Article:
Compensation is critical in contractual and implied agreements between the employer and the employee (Chew & Chan, 2005). It is largely known to play a vital role in attracting employees; it enhances employee’s organisational commitment and ensures employee retention. Armache (2014) stated that compensation includes wages and other forms of payments such as bonuses, profit sharing, overtime pay and sales commission. It may also include non-cash assets such as a car, housing paid by the company, company benefits and stock options. A call centre environment comprises of younger individuals who are at an early stage of their careers. Furthermore, it is characterised by low pay (Harry & Coetzee, 2013). Therefore, salary matters are a primary precursor of employee turnover in most call centres. Research by Pierre and Tremblay (2011) indicated an external and internal salary comparison done by agents in their work environments as a confirmation of their low cash pay levels, results to dissatisfaction, absenteeism and increased turnover.
Job content refers to the nature of the job, and this may have an influence on employee’s decision to leave or stay within the organisation. A mismatch between the employee’s knowledge and skills and the job demands leads to stress (Jacobs & Roodt, 2011). If an employee does not have the necessary skills, knowledge and attitude to perform his or her job, it may lead to frustration and job dissatisfaction. Call centre jobs are characterised as repetitive in nature, lacking creativity and flexibility which leads to an increase in stress levels and boredom (Harry & Coetzee, 2013). Call centre work is also stressful in nature because it is driven by targets. Notably, call centre agents’ work is constantly monitored electronically and agents are often exposed to abusive callers (Filwood, 2014). Such negative characteristics of a call centre work may lead to employees leaving the organisation.
Training and development provide opportunities for employees to develop in their career (Van Dyk & Coetzee, 2012). It has a positive psychological effect to employees because they might perceive that the organisation value them and in turn they will remain committed to the organisation. Döckel, Basson and Coetzee (2006) stated that employees will stay in the organisation that provides an opportunity to grow by training and developing them and thus applying their acquired skills and knowledge. Furthermore, companies that provide training and development opportunities to their employees may have a psychological influence on them. Training equips employees with the skills and knowledge that are required to perform their work effectively, and hence, employees become satisfied with their work because they know what they are doing (Armache, 2014). Call centre work is associated with minor room for progression and individual growth as vocational development is infrequent in such institutions (Coetzee & Harry, 2015). It is likely that a lack of growth and continuous development may result in boredom and in employee intentions to seek alternative employment elsewhere.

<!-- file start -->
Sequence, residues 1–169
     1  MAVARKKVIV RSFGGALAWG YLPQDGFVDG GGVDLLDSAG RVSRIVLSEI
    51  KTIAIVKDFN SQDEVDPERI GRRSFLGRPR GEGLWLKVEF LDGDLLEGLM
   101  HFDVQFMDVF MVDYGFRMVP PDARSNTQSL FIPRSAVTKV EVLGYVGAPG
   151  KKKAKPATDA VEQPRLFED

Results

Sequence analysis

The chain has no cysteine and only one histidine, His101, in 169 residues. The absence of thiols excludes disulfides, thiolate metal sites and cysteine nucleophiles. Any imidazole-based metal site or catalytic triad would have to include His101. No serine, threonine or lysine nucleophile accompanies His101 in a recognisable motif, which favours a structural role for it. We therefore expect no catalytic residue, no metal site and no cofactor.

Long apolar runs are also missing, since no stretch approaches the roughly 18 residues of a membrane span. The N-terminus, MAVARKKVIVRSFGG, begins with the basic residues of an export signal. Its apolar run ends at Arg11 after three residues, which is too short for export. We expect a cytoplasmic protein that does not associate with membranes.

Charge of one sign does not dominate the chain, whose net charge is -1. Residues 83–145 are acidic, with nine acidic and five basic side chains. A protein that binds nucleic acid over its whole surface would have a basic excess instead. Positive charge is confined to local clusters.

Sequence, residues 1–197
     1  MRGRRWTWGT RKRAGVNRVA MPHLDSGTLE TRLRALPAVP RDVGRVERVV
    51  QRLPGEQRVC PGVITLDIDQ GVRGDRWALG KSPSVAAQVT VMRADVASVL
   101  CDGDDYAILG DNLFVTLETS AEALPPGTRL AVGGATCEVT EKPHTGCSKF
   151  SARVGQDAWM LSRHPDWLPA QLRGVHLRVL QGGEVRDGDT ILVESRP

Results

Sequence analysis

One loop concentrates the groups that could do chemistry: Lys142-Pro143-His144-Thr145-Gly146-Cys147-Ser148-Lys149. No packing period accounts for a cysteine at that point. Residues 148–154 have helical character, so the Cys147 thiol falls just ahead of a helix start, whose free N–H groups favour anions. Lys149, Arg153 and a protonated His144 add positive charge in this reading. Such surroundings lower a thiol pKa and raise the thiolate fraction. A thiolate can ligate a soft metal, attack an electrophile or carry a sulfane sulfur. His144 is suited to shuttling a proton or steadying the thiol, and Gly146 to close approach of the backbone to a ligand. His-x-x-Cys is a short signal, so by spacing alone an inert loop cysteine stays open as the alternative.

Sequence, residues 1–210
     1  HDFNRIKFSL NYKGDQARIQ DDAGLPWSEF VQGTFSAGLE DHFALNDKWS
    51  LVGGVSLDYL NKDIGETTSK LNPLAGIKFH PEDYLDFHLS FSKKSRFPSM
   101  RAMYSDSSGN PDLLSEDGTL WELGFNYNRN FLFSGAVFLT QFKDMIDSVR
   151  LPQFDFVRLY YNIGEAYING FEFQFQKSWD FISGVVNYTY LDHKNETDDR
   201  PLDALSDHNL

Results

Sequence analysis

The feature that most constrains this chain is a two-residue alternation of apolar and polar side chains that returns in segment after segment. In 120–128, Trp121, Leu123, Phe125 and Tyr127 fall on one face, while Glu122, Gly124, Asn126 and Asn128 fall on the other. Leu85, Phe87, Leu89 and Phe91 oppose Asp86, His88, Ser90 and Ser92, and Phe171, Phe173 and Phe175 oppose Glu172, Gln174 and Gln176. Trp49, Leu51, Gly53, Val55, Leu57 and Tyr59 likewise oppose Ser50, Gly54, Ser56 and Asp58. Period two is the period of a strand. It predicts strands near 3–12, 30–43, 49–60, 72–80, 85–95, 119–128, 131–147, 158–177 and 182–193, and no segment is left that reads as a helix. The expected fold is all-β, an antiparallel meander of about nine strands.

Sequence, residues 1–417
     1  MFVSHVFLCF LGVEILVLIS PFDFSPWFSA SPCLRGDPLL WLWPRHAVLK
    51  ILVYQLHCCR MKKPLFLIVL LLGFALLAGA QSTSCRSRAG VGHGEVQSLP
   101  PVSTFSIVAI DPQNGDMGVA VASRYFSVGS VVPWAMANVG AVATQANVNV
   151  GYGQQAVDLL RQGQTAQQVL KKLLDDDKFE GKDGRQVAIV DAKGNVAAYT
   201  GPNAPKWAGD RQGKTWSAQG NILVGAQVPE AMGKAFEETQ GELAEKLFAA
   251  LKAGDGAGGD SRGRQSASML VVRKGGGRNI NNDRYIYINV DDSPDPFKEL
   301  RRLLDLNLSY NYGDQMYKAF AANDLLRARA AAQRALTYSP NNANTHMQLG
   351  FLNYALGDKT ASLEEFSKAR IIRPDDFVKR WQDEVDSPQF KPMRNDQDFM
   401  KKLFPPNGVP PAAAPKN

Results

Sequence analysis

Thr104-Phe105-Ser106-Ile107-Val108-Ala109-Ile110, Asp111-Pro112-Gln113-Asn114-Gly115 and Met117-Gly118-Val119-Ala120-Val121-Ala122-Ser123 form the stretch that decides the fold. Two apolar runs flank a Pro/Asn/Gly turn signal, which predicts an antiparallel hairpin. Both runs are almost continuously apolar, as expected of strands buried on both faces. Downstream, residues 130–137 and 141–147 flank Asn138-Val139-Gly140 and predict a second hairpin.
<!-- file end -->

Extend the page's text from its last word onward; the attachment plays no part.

Supervisory support refers to behaviour of the supervisor that upholds the continuous high performance of employees, such as reward, recognition and feedback (Döckel et al., 2006). Proper and frequent feedback is important to retain employees because perceived organisational support increases the affective commitment of employees in the long term. Van Dyk and Coetzee (2012) emphasise that supervisory support can be viewed as a source of trust in an employee’s willingness or drive to be the best in whatever they do. Support from their supervisors reduces work-related stress levels and may create a sense of belonging which provides employees with enough reasons to stay in the organisation.